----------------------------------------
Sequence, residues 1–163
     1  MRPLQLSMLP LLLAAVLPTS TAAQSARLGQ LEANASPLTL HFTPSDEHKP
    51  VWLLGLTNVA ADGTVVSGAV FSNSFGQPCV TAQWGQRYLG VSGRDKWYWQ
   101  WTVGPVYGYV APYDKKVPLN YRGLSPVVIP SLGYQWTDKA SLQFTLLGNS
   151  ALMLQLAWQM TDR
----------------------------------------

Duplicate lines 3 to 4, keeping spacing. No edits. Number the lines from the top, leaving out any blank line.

    51  VWLLGLTNVA ADGTVVSGAV FSNSFGQPCV TAQWGQRYLG VSGRDKWYWQ
   101  WTVGPVYGYV APYDKKVPLN YRGLSPVVIP SLGYQWTDKA SLQFTLLGNS